Could she be remarking on his spiffy new look? Or perhaps she is congratulating the recipient of NARAL’s (National Association for the Repeal of Abortion Laws) attentions at having escaped the prosecutorial noose that hanged his campaign finance director and other staff members who worked on Mr. Donovan’s failed U.S. House bid in Connecticut’s 5th District.
The reporting on Mr. Donovan’s fall from grace into the clutches of an FBI sting operation has left a bad taste in the mouth of uber-progressive Democratic operative Tom Swan, Mr. Donovan’s former campaign manager. According to a report in the Hartford Courant, Mr. Swan has refused to speak with the paper in the absence of an apology for what he has called the Courant’s “character assassination [of Mr. Donovan] and lack of journalistic integrity” with respect to its reporting on the FBI sting operation.
Mr. Swan came late to the Donovan campaign for the 5th. He arrived on the scene after the FBI had sprung its trap, catching in its unforgiving jaws Mr. Donovan’s former campaign manager who, having determined not to cooperate in the FBI sting, was duly sent up the river.
A small book might easily be written about the 5th District races. Mr. Donovan was not alone in being swept up in the euphoria of election.
The FBI has been more than fair in its tortuous prosecutions. On the Republican side, former Governor and felon John Rowland, then a radio talk show host, was prosecuted and found guilty of corruption charges after Lisa-Wilson Foley, running on the Republican ticket for the U.S. House in the 5th, decided to cooperate in the FBI investigation and fed Mr. Rowland to the same sting-operators that had left not a scratch on Mr. Donovan’s Teflon coated reputation. Ms. Foley emerged from the ordeal with a whole hide, while Mr. Rowland, then a friendless journalist, was sent up the river – AGAIN, as Connecticut’s ink stained wretches noted in their reports. No Republican of any stature has told anyone in Connecticut’s media they will not talk to the press until political commentators apologize for having failed to come to the aid of a journalist who was exercising his First Amendment rights in preferring Ms. Foley to other Democrats in the 5th District field.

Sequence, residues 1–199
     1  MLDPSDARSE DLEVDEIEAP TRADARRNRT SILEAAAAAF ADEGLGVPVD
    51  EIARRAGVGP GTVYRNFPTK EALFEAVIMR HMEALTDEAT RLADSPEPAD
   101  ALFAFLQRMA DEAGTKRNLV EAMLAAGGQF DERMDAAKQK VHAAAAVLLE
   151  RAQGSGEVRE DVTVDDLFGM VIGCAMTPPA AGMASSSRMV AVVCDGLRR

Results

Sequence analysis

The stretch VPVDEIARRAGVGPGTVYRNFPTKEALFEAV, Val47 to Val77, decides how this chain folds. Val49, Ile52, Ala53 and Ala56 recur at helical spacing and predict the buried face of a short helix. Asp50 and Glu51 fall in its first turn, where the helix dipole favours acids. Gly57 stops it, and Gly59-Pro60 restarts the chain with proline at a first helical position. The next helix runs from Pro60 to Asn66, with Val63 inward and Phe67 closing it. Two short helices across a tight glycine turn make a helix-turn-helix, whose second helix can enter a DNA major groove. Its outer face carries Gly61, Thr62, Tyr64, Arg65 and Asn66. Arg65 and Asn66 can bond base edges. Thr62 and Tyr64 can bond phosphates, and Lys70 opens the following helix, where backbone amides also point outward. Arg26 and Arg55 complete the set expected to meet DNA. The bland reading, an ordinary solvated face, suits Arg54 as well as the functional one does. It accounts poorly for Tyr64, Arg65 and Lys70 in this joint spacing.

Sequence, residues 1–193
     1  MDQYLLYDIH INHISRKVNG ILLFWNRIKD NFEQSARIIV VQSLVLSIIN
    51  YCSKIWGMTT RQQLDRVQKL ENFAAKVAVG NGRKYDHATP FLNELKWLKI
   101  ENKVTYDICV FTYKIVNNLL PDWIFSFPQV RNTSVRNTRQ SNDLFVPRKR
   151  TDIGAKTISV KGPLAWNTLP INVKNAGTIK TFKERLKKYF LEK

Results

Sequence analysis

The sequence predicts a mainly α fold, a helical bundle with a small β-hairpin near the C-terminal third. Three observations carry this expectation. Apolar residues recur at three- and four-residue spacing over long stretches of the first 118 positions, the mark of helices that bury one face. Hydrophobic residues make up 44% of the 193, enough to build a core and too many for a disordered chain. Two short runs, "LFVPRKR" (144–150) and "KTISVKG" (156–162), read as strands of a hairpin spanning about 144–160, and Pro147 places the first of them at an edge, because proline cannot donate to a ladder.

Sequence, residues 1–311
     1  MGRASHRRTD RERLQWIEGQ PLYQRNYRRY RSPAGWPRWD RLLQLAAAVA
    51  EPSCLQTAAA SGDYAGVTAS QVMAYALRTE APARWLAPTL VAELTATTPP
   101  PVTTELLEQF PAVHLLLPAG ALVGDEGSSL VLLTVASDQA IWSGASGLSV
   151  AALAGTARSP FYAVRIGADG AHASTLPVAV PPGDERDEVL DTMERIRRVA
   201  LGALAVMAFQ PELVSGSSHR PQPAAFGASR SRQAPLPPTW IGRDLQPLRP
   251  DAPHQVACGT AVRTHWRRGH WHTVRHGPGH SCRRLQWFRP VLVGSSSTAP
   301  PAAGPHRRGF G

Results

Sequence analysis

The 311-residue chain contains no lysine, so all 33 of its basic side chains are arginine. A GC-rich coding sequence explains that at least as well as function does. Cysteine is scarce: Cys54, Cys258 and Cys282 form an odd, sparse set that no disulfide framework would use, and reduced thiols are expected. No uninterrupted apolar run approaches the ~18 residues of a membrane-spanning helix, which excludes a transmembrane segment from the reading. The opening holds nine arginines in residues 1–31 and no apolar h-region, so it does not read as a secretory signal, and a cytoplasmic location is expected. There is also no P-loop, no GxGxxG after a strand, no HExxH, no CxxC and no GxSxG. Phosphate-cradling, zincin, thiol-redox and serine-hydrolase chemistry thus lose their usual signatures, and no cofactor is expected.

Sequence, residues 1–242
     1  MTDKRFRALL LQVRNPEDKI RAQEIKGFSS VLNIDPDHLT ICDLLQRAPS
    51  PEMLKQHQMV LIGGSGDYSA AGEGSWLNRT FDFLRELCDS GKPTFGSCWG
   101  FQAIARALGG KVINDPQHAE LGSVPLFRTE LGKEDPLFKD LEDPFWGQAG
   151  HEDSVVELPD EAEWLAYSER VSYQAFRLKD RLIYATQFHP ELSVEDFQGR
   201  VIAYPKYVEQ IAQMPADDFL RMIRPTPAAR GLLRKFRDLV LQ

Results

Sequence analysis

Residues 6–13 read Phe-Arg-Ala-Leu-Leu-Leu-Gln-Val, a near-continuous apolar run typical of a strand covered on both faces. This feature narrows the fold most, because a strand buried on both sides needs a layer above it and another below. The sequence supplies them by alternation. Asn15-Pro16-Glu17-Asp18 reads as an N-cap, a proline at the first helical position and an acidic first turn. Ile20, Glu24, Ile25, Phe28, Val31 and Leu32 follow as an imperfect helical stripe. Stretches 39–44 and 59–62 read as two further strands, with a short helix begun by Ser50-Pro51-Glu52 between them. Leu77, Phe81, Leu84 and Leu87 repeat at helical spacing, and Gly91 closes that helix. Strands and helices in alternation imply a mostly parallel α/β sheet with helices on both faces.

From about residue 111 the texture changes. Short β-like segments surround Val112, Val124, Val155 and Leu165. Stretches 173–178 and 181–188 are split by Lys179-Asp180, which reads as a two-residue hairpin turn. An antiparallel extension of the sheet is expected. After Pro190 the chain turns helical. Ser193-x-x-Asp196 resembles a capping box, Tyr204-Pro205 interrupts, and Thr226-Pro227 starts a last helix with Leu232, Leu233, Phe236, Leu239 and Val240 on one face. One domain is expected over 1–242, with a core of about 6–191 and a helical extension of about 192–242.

Largely because of the FBI prosecutions, the 5th District seat was taken by Democrat Elizabeth Esty, the principal beneficiary of the interventions. Along the way, Andrew Roraback, the Republican Party nominee for the seat, was given the editorial boot by the same people now snubbed by Mr. Swan. Mr. Roraback, whose position on abortion is as reliably left as that of Mr. Donovan, was later rewarded with an appointment to Connecticut’s Superior Court by Governor Dannel Malloy.
Despite Mr. Swan’s brief against newspapers, there are no Democratic losers following the “Taking of the Fifth” by Democrats. Mrs. Esty has just won re-election against a Republican Party candidate in the 5th whose testimony was at least partly responsible for the conviction of radio talk show host Rowland, Connecticut’s Republican Nixon. Mr. Roraback, shuttled off to Superior Court, has been removed as a possible future contender. And the progressive rehabilitation of Mr. Donovan, even Mr. Swan cannot have failed to notice, is well underway.
In late November, Donovan was honored by NARAL Pro-Choice Connecticut for his advocacy on behalf of legalized abortion and access to birth control. Along with social worker Nancy Humphreys, he was awarded the group's Catherine Roraback Award, named after the civil rights attorney in Connecticut best known for representing Estelle Griswold and Dr. C. Lee Buxton in the famous 1965 Supreme Court case, Griswold v. Connecticut, which legalized the use of birth control and created the precedent of the ‘right to privacy’ later employed by an imaginative Supreme Court to rid the United States of its anti-abortion demons. Catherine Roraback was Andrew Roraback’s cousin.
Mr. Donovan – “Connecticut’s best feminist,” according to a NARAList -- told the group during the ceremony that his path to feminism was curious: “I grew up in the '50s and '60s. There were a lot of women who set me straight." One of them was an emancipated woman who one day told Mr. Donovan that, going forward, she would not be shaving her underarms. Mr. Donovan’s first reaction was outrage, but the feminist set him straight: "We were outraged as men that she could even think to do that. But she would say to us, 'Why are you so upset about it? That's my choice ...' She helped teach us what it is all about."
Such was Mr. Donovan’s Damascus Road revelation. For the committed NAREList, there is little difference between declining to shave your underarms and procuring a partial birth abortion. Since stumbling over an FBI sting operation, “Connecticut’s best feminist” has plowed valiantly forward. One door is shut, another opens. Progress never ends, and neither does progressivism, the doctrine that everything but progressive government must be reformed. Some suspect there may be a future for Mr. Donovan in academia, a secular version of the purgatorium, where old progressives are held until the grim reaper comes a’calling.